SOUTH PORTLAND — By a 4-3 vote, the Planning Board decided late Tuesday night to recommend a three-month moratorium on new construction at Willard Square.

Last week, the City Council passed a first reading of the moratorium, then asked the Planning Board for its recommendation on whether to proceed. The issue is expected to go back to the council for a final vote June 6.

Councilor Maxine Beecher proposed the moratorium earlier this month, after hearing from a group of residents who were concerned about the plan for a new market in Willard Square.

Glenn Perry and his business partner, Ian Hayward, wanted to build “Ebo’s Market” next to an apartment building owned by Perry, across the square from Scratch Bakery and the recently reopened Bathras Market.

Perry, a wine salesman, and Hayward, a cook, worked together for several years at Rosemont Market and Bakery in Yarmouth.

Perry and Hayward researched the Willard Square village commercial zone and were encouraged by city planners, who told them that their concept fit with the zoning.

Adopted in 2006, the zoning calls for as many as 10 neighborhood-friendly businesses to complement the homes around the square. The four businesses now in Willard Square are Scratch Bakery, the Willard Scoops ice cream shop, Bathras Market and Townsend Realty.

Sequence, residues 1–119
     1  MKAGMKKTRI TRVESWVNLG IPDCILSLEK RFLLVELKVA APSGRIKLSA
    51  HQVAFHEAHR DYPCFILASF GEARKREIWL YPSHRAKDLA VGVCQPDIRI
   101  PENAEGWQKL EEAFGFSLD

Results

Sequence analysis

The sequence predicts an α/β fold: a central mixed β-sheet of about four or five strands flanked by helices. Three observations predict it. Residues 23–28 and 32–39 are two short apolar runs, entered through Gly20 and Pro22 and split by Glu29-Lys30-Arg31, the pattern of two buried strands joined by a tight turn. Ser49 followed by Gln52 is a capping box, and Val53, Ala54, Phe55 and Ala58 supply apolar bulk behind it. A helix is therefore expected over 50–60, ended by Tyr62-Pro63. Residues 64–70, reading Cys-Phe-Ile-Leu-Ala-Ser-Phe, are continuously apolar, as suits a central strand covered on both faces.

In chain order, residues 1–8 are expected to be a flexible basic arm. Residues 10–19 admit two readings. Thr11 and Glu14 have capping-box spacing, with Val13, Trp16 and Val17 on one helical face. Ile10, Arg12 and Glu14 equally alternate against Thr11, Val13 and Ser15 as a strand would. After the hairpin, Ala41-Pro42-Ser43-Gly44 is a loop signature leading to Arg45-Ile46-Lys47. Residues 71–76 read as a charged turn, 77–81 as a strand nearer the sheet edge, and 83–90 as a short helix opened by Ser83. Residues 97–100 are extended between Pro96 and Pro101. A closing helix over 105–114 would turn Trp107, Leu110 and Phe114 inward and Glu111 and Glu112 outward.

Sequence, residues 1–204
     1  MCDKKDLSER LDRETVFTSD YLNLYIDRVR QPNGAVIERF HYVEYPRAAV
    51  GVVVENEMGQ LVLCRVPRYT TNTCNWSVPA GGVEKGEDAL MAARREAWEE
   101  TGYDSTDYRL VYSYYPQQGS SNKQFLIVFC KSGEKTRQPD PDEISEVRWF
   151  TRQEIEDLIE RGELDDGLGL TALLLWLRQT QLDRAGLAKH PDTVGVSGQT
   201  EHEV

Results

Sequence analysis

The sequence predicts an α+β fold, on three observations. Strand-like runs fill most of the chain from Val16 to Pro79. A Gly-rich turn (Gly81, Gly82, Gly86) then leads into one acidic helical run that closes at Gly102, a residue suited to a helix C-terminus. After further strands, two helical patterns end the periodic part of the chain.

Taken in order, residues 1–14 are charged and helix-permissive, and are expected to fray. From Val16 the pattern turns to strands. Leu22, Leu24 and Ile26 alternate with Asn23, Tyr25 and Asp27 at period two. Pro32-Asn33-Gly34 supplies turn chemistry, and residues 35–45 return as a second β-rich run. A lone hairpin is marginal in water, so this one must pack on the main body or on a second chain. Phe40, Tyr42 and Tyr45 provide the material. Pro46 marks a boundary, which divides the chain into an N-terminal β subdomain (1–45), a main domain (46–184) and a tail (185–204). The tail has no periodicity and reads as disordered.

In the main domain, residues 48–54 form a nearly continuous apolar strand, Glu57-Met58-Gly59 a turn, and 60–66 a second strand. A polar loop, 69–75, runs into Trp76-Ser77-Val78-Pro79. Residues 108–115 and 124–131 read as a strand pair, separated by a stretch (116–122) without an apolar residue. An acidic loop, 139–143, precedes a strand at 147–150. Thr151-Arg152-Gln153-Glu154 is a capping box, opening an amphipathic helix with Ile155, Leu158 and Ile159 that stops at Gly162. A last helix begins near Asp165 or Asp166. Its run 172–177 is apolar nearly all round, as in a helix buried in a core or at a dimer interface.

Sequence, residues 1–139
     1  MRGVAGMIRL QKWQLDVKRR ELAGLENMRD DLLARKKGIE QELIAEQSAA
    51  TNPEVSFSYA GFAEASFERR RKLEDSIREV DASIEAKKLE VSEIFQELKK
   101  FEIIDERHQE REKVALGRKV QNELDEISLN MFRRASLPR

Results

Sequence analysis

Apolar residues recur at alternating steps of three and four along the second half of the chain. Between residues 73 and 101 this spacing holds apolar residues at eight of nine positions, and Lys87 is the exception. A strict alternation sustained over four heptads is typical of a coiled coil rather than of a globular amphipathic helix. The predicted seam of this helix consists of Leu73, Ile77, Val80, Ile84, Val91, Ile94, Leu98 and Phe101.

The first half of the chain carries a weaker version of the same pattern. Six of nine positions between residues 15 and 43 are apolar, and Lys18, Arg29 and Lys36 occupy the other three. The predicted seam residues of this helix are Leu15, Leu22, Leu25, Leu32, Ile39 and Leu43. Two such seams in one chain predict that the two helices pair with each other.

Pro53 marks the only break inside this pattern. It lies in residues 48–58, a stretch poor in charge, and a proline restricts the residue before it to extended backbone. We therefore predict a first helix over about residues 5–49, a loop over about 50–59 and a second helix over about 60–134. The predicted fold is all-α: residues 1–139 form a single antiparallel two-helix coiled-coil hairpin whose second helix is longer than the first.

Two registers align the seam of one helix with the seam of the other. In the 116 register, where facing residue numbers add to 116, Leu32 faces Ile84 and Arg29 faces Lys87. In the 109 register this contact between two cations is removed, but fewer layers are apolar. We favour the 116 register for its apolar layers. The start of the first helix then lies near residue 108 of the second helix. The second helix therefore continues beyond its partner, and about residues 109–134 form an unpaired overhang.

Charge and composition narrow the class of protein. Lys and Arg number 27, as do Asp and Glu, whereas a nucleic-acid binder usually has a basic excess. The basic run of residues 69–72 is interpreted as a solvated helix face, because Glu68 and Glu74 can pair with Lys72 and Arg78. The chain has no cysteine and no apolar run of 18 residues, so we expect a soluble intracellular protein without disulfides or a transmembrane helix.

Neighbors expressed several concerns about the project, from its impact on traffic to the opinion that Willard Square is too small for two markets. That led to a broader discussion between neighbors and city officials about the future of the square and potential changes to the zoning.

Neighbors asked the council for a building moratorium to give the city time to set design standards for the zone — which were never adopted — and to examine the issues of traffic and parking.

After the first council vote on the moratorium last week, Perry’s lenders backed out on the project. He said he had already cashed in a portion of his retirement savings and spent $55,000 on a site plan and other preliminary work for Ebo’s Market.

On Tuesday night, 10 residents spoke in favor of the moratorium.

“It’s maxed out for the design it has,” Chris Trout said of parking and traffic in the square. “Now’s the time to be thoughtful about it and just take a breather, so that this becomes a lovely business district that matches the neighborhood it sits in.”

Sherry Wolfe of Fern Lane spoke against the moratorium. She said neighbors have exaggerated the concerns about traffic and parking.

“This moratorium is wrong. It’s saying that South Portland doesn’t promote small businesses,” Wolfe said. “(Perry and Hayward) went by the rules, and they got shot down.”

Staff Writer Trevor Maxwell can be contacted at 791-6451 or at: [email protected]